Because of its reputation and strategic location in West Africa, Ghana is accessible by most international airlines



This one is my favorites and it is true. The people of Ghana are among the world’s friendliest and most welcoming.” Akwaaba!” is a word you hear everywhere, starting right from arrival at Kotoka International Airport in Ghana, and it means, “Welcome!”


Call or email us today to learn more about planning a trip to Ghana!



Heading to Nigeria

May, 2021 – I arrived in Lagos, Nigeria from Accra, Ghana aboard Air Peace Airlines. Emerging into the sunshine, I walked down the metallic steps and joined my fellow travelers walking the short distance to the terminal building. Here is a little information about Nigeria’s Covid-19 safety measures at Murtala Muhammed Airport in Lagos and what you can expect.

If you are a traveler with physical disabilities, or sore stiff knees, you will need to arrange for wheelchair assistance when you book your flight.  I say this because in addition to walking down the steps pushed up to the door of the aircraft, you’ll have to walk up two flights of steps once you enter the building, and then down another flight of stairs to get to the immigration area.

There is an escalator but sometimes it’s not working. Even for people without  physical challenges, carrying a few bags up and down those stairs can be quite challenging in itself.

If you do not know what to do or where to go, follow the crowd and this will take you to the immigration area.

As of this writing, masks are required. Your temperature will be taken by airport staff as you enter the terminal. Then you’ll join a line where your documents will undergo preliminary screening.

​​Prior to departure from your country of origin, no earlier than 72 hours before your flight, you must take a Covid-19-PCR test and receive a negative result.

You will also need to fill out the Travel Permit to Enter Nigeria form. I was not aware that I had to do this until I was asked for the confirmation form at the Air Peace counter in Accra when I arrived to check in for my flight. I was allowed to check in and advised to complete and submit the form online at the gate, which I could do on my phone using the airport WIFI.

While filling out the form, there was a section where I could prepay for a Covid-19 PCR test in Nigeria. Even though I did not fill this out this section, I received confirmation of the travel permit to enter Nigeria within minutes of submitting the form.

For more information, check here:

https://nitp.ncdc.gov.ng/onboarding/homepage, www.travelportal@ncdc.gov.ng, and www.covid19.ncdc.gov.ng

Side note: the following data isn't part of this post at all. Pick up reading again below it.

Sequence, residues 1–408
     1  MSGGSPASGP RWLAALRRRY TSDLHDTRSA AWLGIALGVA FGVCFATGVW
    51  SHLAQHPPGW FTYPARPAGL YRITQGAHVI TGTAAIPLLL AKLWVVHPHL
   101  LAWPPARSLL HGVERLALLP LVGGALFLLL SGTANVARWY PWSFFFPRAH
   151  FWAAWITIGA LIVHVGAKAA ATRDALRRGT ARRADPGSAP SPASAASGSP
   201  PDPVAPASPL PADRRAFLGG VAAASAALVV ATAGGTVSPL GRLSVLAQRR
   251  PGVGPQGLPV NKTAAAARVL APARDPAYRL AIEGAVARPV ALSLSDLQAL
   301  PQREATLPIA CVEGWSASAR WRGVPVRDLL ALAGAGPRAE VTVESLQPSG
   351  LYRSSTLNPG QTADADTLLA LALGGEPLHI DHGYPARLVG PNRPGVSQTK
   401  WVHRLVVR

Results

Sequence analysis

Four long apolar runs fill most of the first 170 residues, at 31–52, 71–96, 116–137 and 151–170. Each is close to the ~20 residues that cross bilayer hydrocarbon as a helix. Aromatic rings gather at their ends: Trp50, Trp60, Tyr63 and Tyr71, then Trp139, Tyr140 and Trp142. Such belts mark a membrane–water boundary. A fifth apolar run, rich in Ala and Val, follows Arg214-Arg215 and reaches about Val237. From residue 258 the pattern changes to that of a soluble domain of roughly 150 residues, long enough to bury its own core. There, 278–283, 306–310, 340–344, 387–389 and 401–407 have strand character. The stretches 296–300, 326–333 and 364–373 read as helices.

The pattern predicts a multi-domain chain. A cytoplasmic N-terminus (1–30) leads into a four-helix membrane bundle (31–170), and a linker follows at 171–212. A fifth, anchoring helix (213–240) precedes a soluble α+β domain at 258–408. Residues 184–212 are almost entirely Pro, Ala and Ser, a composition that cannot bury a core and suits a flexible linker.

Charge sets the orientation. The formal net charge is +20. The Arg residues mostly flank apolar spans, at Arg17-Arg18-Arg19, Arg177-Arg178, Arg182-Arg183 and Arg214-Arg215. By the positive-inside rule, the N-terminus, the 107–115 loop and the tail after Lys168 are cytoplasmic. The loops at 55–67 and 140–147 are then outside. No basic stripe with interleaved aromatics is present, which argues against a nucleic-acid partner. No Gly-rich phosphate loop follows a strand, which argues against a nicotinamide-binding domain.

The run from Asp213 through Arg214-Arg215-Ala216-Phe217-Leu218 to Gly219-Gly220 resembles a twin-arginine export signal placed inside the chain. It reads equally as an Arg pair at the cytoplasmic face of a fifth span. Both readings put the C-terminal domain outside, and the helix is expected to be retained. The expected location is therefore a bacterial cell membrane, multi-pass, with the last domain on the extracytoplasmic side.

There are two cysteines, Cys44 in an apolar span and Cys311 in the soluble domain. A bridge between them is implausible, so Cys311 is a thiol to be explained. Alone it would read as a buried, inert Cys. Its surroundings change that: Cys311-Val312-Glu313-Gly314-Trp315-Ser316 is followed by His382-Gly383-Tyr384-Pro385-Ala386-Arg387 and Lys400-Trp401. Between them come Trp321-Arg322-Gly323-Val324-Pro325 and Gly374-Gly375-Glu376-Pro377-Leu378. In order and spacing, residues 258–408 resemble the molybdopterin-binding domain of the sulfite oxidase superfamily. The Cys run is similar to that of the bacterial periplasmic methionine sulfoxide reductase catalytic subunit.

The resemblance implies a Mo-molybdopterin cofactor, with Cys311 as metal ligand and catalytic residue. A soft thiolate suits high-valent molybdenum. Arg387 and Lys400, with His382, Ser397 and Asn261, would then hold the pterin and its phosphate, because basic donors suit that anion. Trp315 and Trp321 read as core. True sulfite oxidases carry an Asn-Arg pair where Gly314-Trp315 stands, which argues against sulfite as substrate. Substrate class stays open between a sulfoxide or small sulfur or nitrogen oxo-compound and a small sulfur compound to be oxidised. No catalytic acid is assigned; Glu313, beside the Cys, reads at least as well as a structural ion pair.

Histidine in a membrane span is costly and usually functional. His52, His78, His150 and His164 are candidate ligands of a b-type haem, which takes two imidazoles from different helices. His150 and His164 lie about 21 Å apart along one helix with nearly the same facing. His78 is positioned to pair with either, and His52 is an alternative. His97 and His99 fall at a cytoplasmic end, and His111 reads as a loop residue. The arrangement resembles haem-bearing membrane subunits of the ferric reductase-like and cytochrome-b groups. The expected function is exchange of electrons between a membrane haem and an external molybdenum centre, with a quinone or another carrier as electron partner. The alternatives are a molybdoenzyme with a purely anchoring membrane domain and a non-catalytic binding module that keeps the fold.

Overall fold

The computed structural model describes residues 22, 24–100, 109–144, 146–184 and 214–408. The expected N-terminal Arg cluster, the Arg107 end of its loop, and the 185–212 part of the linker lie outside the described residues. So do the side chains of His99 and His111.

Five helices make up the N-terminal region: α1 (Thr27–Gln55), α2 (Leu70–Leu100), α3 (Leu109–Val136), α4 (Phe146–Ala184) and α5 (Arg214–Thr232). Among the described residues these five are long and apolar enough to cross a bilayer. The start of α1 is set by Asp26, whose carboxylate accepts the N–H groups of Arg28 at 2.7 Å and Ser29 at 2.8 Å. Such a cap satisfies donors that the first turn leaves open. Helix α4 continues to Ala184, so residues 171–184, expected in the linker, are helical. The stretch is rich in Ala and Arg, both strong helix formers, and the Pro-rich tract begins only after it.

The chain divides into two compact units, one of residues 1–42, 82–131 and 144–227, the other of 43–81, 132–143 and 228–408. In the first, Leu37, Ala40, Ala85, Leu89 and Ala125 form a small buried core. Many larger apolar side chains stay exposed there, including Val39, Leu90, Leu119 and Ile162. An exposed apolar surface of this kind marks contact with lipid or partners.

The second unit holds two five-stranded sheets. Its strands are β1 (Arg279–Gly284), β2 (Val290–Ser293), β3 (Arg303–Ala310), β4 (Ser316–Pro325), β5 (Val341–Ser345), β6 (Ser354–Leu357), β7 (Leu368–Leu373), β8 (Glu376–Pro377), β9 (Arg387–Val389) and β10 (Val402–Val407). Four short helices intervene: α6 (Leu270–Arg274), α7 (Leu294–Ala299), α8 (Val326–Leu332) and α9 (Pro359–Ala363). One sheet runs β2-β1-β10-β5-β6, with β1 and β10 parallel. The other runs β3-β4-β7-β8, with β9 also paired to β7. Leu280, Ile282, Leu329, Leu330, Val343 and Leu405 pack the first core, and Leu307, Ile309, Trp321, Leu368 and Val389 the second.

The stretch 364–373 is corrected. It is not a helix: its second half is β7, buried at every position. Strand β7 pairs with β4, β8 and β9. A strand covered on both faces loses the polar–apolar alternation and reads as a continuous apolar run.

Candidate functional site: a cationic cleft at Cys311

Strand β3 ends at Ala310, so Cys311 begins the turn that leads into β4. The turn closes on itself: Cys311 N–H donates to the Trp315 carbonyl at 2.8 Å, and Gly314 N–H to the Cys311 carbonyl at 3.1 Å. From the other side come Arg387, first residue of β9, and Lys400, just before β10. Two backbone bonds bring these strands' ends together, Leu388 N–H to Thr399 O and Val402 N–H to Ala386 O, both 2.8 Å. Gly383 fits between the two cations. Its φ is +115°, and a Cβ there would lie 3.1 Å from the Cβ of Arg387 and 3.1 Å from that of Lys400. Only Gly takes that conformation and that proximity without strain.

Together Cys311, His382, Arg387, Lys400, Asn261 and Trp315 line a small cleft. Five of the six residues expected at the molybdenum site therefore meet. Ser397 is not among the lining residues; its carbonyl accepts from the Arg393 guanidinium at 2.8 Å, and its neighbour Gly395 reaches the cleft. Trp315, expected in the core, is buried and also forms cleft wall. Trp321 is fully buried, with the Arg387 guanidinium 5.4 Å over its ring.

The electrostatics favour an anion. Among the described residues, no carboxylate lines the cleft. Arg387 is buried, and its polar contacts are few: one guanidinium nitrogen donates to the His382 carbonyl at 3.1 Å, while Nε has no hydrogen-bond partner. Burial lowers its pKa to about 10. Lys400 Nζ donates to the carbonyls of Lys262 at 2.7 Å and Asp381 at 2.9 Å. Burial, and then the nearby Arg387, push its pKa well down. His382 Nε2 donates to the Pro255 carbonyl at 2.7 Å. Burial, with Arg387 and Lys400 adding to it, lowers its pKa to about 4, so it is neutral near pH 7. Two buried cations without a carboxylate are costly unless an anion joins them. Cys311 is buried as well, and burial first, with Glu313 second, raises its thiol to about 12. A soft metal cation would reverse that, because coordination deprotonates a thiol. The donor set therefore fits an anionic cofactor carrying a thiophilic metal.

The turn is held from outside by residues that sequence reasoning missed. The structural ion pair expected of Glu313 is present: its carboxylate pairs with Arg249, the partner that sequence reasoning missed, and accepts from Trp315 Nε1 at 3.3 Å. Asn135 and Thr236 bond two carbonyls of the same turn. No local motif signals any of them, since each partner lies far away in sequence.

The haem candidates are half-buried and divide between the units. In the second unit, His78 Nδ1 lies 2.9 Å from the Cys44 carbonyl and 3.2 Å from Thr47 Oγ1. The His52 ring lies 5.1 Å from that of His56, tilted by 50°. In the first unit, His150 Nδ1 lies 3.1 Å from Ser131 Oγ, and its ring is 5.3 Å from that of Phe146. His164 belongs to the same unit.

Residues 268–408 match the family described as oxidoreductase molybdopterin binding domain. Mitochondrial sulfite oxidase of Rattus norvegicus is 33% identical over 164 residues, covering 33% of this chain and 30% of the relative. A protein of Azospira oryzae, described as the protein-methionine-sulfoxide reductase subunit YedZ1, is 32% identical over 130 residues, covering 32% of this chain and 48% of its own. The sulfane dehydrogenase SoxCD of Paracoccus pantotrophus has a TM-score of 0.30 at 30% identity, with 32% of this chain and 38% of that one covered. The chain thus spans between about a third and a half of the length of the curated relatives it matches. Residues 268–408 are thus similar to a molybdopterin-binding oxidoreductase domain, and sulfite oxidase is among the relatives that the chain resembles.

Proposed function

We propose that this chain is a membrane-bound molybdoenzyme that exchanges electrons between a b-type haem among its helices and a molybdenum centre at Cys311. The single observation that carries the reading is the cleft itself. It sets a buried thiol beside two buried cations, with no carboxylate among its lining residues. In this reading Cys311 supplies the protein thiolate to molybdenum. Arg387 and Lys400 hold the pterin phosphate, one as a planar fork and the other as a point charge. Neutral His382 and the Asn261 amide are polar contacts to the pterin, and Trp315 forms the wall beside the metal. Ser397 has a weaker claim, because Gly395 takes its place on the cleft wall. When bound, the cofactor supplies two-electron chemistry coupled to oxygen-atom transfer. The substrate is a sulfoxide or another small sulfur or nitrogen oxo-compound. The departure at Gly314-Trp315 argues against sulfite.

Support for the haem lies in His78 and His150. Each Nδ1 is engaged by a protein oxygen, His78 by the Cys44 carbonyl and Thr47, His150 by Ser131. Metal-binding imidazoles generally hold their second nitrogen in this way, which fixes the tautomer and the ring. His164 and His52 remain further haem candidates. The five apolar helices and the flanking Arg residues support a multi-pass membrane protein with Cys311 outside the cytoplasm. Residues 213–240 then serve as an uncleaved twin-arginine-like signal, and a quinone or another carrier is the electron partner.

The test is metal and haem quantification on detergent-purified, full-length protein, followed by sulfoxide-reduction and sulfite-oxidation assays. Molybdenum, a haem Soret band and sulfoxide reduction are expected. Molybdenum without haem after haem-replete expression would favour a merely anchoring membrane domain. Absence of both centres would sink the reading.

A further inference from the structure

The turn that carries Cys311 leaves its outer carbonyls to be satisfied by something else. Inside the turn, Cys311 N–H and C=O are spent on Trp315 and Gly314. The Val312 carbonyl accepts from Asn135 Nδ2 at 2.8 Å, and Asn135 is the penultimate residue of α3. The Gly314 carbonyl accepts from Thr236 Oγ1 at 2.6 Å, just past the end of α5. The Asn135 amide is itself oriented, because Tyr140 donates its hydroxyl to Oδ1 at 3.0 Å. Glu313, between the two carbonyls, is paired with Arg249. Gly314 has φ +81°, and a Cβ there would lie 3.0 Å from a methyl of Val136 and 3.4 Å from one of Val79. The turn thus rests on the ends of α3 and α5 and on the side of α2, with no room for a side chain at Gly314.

When you arrive at Murtala Muhammed International Airport, your documents will be screened. Some officials may make it sound like you must register right there at the airport and pre-pay for the Covid-19 Test that you are required to take seven days after arriving in Nigeria, but you do not have to. You can choose to take the test in seven days and pay the lab directly at that time.

You should be aware that travelers to Nigeria are required to self-quarantine at their place of residence for 7 days and then take a Covid-19 test at a government approved lab. Your test result will be automatically sent to immigration. I paid 50,400 naira for the test, which is equivalent to approximately $123.00.

Having evidence of your negative COVID result and travel entry permit, if you have it, on your phone is okay, however, I would still suggest that you have a printed copy of them.

After your documents are screened, you will be directed to an immigration line. I waited 30 minutes in line for immigration check.  This was the longest part of the process. Once I reached the immigration counter, the process took just five minutes.

Then I could to go to the baggage claim area. Luckily for me, I only had a medium-sized suitcase and one small carry on item.  I could manage without help.

​People will offer to help you with your luggage, but if you don’t require assistance, a courteous and firm “no thank you” will suffice.  If you do require help, you should be prepared to give a tip.

Here’s one more thing. If you are traveling to Nigeria any time soon, be aware that the international airport in Lagos is currently undergoing some renovations and the usual passenger pickup area has been moved. So ask around to find out where to wait outside if someone is coming to pick you up.

There will be numerous people milling around outside asking if you need a taxi. If you need to take a taxi, ask your friends or host in Nigeria beforehand on how to go about doing that, and how much you should pay so that you don’t get charged an astronomical price because your are a foreigner.

It can all seem a bit hectic, or even chaotic at first glance, but really, there is a certain order to everything. The important thing is to just go with the flow and ask questions. You’ll find that Nigerians are generally welcoming and helpful.

And that is about it. You’ll be okay. Welcome to Nigeria!